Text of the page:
• LAPTOP, iPad or PAPER While taking inventory, I carry my laptop from place-to-place in the house and type in the number of items I have in stock. It was so easy for me! I have items all over the house, but their location is listed on the spreadsheet so I can easily find them again. I am sure an iPad would work well too. Or just print your spreadsheet and carry it with you on a clipboard. Or if you are still in the paper and pencil world, print the template and keep a paper copy in a binder.
  • HIGHLIGHTING As I take the inventory, I pull items that are past expiration to the kitchen. I highlight all items that I could still use beyond expiration date with red so I will use them quickly. I don't like to throw away food, but when I quickly learn from the experience and change what types of items I store or how much I buy.
  • SPREADSHEET EXPLANATION This is an explanation of the columns:
  • Need - this column has the number of items I need to purchase. I wanted this first so I can easily see what I need to purchase. Mine has a formula that subtracts what is "on hand" from my "goal," so what I need to purchase shows up automatically in this first column. I want to see this when I make a shopping list.
  • Loc - this column has the location of the item stored. I color coded an abbreviation for each location. I keep the bulk of our storage in our cool basement, but I also have a small supply of everything in my kitchen cupboards.
  • Item Description - this column has the name of the item stored. Sometimes I get grandiose ideas of things I want to store, but after a while I learn that the basics usually win out and I remove rows of items that really don't work for our family like garbanzo beans.
  • Size - this column has the container size of the item. It is usually a measurement or in eaches.
  • Mo - this column has the number of months I desire to store the item. I only keep a 3 M supply of some items, or 6 M or a 1 Y supply of others. For example, I may only have a 1 month supply of toilet paper, but a year supply of wheat. I choose how much of an item to store based on our finances and storage space.
  • Goal - this column has the number of items I hope to store someday.
  • Total Have - this is the total amount I have on hand. The spreadsheet ads all the On Hand columns and totals them.
  • On Hand/Date - there are several double columns for the items I have on hand. I could add more if needed to. The first group lists the oldest items purchased, the second is newer items, and the third is the most recent purchase. The important thing is to document when I purchased some items. I don't enter these into the spreadsheet every time I go to the store. That would drive me crazy. But I hung a list on the door of one of my pantries. And pencil in after I go shopping. Because I buy items in groups of 8, 12 or 24, I don't need many columns. I probably didn't explain that well, but just look at the spreadsheet. If I don't know the date I bought the item, I look at the shelf life on the spreadsheet (next column), and subtract that from the expiration date on the box. For instance I have 6 boxes of Special K Granola that has an expiration date of June 2012 and a shelf life of 1 Y, so I guesstimate that I bought it in June 2011.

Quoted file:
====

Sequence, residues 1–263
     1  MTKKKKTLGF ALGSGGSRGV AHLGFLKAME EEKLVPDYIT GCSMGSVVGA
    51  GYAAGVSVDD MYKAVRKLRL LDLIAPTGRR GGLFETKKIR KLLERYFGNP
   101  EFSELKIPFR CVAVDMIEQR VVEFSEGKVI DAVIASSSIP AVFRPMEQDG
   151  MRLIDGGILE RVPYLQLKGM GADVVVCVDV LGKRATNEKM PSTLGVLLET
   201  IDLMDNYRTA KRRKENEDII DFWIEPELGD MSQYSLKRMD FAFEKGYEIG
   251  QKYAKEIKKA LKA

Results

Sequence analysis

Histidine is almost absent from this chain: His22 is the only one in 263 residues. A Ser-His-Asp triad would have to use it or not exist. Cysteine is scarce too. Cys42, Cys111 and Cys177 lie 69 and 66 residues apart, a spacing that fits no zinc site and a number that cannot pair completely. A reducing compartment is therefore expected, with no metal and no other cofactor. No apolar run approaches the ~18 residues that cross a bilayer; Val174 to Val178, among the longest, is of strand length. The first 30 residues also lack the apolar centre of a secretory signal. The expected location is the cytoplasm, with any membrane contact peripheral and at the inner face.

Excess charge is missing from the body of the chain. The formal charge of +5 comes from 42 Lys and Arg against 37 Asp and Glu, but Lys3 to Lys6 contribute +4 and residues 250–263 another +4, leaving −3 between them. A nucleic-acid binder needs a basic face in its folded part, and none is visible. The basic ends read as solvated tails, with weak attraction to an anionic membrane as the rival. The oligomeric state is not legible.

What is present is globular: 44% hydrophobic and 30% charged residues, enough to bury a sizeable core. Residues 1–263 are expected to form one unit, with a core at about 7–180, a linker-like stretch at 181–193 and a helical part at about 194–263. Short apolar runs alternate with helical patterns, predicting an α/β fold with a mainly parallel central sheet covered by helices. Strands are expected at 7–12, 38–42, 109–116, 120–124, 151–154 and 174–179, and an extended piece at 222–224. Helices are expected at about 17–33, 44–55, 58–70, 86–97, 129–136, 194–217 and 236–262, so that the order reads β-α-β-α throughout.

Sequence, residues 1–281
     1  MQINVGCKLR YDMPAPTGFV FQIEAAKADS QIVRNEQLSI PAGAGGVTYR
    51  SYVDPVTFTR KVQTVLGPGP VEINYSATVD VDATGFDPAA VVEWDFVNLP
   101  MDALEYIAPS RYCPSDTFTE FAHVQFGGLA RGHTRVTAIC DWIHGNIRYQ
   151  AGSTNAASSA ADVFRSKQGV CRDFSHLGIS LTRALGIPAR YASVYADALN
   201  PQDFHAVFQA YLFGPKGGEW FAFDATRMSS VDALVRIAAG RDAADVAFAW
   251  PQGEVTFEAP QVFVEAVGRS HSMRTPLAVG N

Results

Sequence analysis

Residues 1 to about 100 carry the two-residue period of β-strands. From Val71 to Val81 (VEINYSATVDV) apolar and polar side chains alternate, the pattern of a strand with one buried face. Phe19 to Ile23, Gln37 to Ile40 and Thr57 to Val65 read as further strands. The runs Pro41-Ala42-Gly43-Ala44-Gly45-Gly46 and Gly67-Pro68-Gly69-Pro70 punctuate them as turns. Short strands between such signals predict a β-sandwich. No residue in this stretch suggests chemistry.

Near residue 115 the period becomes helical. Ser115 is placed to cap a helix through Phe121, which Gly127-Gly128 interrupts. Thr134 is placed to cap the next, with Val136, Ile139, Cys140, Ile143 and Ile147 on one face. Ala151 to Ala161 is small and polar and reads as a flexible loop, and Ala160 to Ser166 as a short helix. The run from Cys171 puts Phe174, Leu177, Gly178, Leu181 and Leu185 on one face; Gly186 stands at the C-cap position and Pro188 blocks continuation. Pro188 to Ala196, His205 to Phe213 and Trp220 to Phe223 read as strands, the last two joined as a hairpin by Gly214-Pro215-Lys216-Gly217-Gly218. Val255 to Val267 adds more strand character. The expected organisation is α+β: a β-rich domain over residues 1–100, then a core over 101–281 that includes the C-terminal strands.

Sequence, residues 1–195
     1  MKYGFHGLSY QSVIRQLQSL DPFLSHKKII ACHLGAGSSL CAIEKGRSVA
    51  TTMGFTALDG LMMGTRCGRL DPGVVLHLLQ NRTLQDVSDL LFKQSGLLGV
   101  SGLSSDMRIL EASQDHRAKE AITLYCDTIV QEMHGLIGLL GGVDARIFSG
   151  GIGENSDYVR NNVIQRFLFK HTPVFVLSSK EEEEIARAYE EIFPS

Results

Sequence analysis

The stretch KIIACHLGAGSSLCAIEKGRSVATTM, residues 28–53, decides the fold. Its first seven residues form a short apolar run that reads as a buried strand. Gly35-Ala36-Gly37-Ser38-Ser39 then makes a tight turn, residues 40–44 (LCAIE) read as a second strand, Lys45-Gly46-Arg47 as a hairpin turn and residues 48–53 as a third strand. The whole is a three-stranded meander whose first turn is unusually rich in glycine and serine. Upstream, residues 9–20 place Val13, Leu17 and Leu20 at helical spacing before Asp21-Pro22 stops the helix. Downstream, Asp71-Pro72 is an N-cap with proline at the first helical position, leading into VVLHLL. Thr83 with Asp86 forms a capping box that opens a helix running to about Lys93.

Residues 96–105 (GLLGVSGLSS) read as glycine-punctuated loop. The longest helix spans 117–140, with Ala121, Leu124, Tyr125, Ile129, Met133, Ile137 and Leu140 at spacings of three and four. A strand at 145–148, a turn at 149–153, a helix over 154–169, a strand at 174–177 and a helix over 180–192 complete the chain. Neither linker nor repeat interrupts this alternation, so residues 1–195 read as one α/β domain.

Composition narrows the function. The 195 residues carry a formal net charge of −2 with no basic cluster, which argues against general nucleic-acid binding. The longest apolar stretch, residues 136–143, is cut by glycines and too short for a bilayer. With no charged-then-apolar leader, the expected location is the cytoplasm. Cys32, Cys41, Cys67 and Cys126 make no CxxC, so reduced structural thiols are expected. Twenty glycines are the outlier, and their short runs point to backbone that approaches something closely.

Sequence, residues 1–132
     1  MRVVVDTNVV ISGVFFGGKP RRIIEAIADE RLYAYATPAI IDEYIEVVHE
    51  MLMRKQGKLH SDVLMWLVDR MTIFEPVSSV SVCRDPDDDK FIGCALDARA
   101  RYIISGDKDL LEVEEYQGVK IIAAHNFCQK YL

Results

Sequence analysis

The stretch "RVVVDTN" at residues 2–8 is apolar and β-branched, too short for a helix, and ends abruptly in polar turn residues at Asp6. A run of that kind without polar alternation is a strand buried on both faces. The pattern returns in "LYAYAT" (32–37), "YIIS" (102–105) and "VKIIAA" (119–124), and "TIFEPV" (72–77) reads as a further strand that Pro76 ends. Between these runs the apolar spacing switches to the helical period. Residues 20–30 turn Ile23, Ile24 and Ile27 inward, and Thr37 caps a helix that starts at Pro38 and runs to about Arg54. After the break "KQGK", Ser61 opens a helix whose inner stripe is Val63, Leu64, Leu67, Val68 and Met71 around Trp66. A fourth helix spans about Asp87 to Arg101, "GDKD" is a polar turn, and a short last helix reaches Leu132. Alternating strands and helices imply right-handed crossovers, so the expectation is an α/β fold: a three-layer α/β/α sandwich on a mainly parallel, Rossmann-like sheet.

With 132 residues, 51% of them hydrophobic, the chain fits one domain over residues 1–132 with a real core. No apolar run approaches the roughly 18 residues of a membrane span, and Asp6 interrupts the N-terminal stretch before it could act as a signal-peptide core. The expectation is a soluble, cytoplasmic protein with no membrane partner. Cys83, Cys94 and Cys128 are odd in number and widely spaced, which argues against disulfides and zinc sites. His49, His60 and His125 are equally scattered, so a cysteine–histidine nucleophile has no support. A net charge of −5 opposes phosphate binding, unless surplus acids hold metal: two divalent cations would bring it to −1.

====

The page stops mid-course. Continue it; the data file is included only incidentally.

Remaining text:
• Shelf Life - this column has the estimated shelf life of the type of item in its closed status. This is useful to know! Basically I find the shelf life of an item by looking at the best use date on the can or box and the date I purchased the item. It's really a rough estimate.
  • Low Cost & Store - this column has the least expensive price I have purchased this item for and the place I typically buy it. This helps me remember where I purchased the item for a great price. Or if I should wait until the fall, or buy it at a Case Lot (CL) sale. It's like having a Price Log in my inventory. I love this. Especially when I list what I buy items for at Sam's Club or Costco.

September 12, 2011

Nutrimill On Sale During National Whole Grains Month

The month of September is national whole grains month. In celebration Bosch Kitchen Center is offering the Nutrimill at a $70 discount off the MSRP! It is $219.99 plus FREE SHIPPING! This offer runs now through September 30th 2011.


This Is The #1 Selling Mill. I personally do not own one, however, it was the highest ranked mill in a poll of my readers in 2009. And at this price, it is very tempting to me. If this is your grain mill, write to me at preparedldsfamily {at} gmail {dot}com and let me know what you think about it.

Nutrimill Features


  • Over 20 cup bowl capacity
  • 1 to 1 ratio for milling grain into flour - fill the hopper once and get a full bowl of fresh flour
  • Ergonomically designed control knobs and bowl handles for safe and easy use
  • Patent pending TruFeed" precision grain flow control
  • Easy grip hopper lid for easy access and quieter operation
  • TruTrack" bowl locking system - connects right every time
  • World's first variable, high speed, mill
Here is a video of how to use the Nutrimill. It's nice to see the size of it.

Update: My married son just bought a Nutrimill and made his first loaves of bread. Way to go Josh!



Reader comments:

"I've owned the Nutrimill about 6 months and think it's terrific. I've ground wheat berries from the cannery and popcorn from Pleasant Hill Grain for use in cornbread. It's easy to clean and convenient to use. It should last a lifetime." D.L.

September 7, 2011